Saturday, November 24, 2007

Southern Cone Offers 'Safe Haven' for American Dioceses

(See report below.
If Pittsburgh, Fort Worth, Quincy etc go to the Southern Cone then what happens to the Common Cause Association in the USA which is reputed to be moving under Global South Guidance into a Province?

Maybe the Southern Cone is a temporary thing only for the dioceses….

One point needs making, I fear. The 1979 ECUSA Prayer Book in Spanish reigns supreme in the Southern Cone and so it will be a natural move for ECUSA dioceses which while claiming to be orthodox still use the un-orthodox and flawed 1979 book as their liturgy and formulary! -- P.T.)
Southern Cone Offers 'Safe Haven' for American Dioceses
Dioceses that wish to secede from The Episcopal Church because of disputes over doctrine and discipline will be given an ecclesiastical home in the Church of the Province of the Southern Cone.

Meeting Nov 5-7 at St. Paul’s Church, Valparaíso, Chile, the Southern Cone synod voted to extend the province’s jurisdiction to North America, allowing dioceses and other ecclesial entities to affiliate with the province.

The Provincia Anglicana del Cono Sur de América is comprised of the dioceses of Chile, Peru, Bolivia, Argentina, Paraguay, Uruguay and Northern Argentina. The Diocese of Bolivia already has provided pastoral oversight to several dozen congregations in the United States comprised of former members of The Episcopal Church. In addition, Presiding Bishop Gregory Venables of the Southern Cone exercises a personal prelature over former members of the Diocese of Recife (Brazil).

Bishop Venables told The Living Church the offer of a provincial home for traditionalist American dioceses merely recognized the existing splits within the church. He said the Southern Cone was not precipitating a crisis or invading The Episcopal Church, but was offering a safe haven within the Anglican Communion for those wishing to flee.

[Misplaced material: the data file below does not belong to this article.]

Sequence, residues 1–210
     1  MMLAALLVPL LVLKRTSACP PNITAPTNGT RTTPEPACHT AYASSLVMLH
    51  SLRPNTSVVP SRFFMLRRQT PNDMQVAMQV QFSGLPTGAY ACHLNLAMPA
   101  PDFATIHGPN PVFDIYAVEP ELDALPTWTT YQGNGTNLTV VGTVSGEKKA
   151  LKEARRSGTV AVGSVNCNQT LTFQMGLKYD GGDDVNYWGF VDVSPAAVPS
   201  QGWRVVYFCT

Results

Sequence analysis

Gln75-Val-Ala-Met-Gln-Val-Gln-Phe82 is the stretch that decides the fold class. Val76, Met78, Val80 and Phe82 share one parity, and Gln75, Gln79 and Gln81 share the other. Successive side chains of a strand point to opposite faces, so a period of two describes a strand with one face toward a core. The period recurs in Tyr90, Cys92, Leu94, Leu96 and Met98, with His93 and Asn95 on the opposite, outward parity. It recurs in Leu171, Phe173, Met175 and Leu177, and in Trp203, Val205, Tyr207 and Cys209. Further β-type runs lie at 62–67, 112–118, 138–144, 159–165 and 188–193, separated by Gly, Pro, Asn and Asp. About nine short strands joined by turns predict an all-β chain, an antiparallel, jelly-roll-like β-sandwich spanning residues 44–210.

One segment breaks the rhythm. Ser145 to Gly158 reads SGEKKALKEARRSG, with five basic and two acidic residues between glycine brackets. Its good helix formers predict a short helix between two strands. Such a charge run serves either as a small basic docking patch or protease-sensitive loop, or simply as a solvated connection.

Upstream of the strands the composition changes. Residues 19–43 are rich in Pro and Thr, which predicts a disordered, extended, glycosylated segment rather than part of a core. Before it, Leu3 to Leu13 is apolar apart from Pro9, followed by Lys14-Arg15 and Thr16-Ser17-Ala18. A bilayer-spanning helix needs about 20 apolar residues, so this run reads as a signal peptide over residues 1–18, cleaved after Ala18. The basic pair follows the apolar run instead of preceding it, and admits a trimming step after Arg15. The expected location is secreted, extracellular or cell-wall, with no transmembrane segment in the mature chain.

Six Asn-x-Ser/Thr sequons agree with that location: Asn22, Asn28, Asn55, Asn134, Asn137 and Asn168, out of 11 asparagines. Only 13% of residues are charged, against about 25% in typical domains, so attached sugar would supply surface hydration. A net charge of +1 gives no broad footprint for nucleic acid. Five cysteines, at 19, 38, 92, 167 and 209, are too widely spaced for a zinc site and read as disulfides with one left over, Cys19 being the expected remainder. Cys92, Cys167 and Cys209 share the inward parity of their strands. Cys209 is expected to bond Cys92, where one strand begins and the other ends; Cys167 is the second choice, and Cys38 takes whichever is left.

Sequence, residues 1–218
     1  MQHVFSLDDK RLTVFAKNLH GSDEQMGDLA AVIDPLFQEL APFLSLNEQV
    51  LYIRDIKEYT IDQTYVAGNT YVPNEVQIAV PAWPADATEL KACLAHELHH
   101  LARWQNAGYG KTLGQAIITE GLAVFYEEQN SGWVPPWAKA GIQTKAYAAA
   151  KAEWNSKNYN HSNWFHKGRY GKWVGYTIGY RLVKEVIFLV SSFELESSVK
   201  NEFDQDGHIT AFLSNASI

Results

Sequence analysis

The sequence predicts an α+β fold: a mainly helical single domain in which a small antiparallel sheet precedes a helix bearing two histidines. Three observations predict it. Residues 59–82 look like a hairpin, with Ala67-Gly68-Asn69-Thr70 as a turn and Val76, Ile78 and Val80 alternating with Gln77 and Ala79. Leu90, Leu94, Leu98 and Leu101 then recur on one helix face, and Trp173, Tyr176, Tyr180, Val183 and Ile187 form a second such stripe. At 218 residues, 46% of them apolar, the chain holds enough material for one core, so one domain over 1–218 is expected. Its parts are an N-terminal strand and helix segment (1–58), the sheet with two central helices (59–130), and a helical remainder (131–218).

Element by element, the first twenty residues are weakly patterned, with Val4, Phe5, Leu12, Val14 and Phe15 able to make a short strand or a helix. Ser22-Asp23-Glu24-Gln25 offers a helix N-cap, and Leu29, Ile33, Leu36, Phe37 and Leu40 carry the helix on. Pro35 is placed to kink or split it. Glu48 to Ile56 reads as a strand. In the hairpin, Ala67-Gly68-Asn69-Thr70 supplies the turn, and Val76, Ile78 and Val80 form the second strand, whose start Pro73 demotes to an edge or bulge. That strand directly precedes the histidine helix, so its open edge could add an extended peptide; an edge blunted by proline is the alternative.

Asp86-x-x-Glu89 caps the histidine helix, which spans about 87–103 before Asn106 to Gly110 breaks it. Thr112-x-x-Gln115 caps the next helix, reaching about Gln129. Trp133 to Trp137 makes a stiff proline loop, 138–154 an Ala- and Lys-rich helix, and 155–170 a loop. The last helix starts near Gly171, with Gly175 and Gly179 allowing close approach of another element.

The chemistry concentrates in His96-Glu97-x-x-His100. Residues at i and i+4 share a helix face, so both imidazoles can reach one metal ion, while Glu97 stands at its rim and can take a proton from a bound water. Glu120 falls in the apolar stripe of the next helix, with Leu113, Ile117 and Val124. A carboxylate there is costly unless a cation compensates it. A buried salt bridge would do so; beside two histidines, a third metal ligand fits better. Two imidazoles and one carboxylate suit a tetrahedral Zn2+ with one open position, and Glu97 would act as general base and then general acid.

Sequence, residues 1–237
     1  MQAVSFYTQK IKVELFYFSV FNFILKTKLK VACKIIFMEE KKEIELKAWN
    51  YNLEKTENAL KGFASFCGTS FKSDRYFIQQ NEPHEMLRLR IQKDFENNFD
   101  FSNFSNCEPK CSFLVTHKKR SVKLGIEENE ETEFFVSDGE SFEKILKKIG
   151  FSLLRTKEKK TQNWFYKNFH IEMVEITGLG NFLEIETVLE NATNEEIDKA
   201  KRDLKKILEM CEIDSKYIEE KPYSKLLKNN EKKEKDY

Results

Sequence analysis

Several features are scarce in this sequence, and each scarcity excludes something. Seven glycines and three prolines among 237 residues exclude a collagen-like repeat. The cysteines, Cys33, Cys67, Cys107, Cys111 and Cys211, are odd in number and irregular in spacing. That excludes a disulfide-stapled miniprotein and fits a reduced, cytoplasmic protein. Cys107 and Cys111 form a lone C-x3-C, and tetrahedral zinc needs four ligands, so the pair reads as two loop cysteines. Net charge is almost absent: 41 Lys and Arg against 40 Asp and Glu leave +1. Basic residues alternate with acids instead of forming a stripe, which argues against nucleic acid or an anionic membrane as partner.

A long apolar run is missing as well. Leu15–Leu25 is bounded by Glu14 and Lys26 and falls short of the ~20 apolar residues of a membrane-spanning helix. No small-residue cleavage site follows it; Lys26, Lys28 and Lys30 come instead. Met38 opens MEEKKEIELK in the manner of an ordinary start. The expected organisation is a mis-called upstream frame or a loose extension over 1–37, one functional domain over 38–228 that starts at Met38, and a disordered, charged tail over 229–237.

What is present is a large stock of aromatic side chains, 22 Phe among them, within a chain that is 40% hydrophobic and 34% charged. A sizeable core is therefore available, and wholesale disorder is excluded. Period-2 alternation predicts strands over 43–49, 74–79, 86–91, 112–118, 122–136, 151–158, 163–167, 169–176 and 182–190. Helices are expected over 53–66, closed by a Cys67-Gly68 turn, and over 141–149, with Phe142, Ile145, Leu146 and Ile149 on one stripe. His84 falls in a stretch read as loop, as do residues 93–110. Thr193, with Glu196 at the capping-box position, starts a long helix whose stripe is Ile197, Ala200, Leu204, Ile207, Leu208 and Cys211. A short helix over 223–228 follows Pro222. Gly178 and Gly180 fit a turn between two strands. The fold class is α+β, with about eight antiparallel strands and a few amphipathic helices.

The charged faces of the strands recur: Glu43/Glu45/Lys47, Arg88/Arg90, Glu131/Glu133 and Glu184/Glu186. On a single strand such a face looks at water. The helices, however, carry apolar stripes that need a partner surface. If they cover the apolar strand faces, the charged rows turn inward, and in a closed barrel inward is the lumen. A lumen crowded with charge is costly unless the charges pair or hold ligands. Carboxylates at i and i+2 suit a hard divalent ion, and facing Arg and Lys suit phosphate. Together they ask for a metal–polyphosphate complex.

By a supermajority, delegates to the Valparaíso synod voted to permit traditionalist North American dioceses to affiliate with the province. The vote goes a step beyond Bishop Venables’ intervention in Brazil, and marks a major shift in the ecclesial structures of the Anglican Communion.

In 2005, Bishop Venables extended his personal primatial oversight to Bishop Robinson Cavalcanti and 40 priests of the Diocese of Recife after they had been deposed by the Brazilian church for contumacy.

Bishop Cavalcanti and his supporters, representing more than 90 percent of that diocese’s members, were issued a “statement of support” by Bishop Venables that recognized their “ordinations and ministries, and provide a special status of extra-provincial recognition by my office as Primate of the Southern Cone until such time as the Panel of Reference, the Archbishop of Canterbury, or the Anglican Communion has, in some way, adequately addressed this crisis.”

The Nov. 7 vote permits dioceses as ecclesial entities, not merely individuals, to join the province.

A spokesman for the Diocese of Pittsburgh noted the Southern Cone was one of a number of provinces offering a home to American dioceses. On Nov. 2 Pittsburgh adopted the first reading of an amendment to its constitution that stated the diocese “shall have membership in such Province of the Anglican Communion as is by diocesan Canon specified.”

Up to five dioceses of The Episcopal Church may affiliate with the Southern Cone. In December, San Joaquin’s diocesan convention will vote on a second reading of a secession clause, allowing the diocese to join other provinces -- a move Presiding Bishop Katharine Jefferts Schori has called unlawful.

A spokesman for the Archbishop of Canterbury said Archbishop Rowan Williams had no comment at this time on the Southern Cone vote

(The Rev.) George Conger

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